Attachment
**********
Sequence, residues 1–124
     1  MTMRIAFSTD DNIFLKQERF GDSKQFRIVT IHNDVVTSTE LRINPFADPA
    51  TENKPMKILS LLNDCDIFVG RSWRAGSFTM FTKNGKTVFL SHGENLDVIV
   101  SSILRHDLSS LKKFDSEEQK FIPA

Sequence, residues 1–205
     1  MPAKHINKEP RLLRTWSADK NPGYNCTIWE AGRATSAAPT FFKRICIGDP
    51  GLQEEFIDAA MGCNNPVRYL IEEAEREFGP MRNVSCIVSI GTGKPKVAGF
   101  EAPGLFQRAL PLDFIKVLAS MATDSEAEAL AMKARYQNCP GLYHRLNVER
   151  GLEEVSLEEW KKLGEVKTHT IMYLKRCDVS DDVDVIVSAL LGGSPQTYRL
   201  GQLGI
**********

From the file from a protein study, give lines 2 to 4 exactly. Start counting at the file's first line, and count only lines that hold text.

     1  MTMRIAFSTD DNIFLKQERF GDSKQFRIVT IHNDVVTSTE LRINPFADPA
    51  TENKPMKILS LLNDCDIFVG RSWRAGSFTM FTKNGKTVFL SHGENLDVIV
   101  SSILRHDLSS LKKFDSEEQK FIPA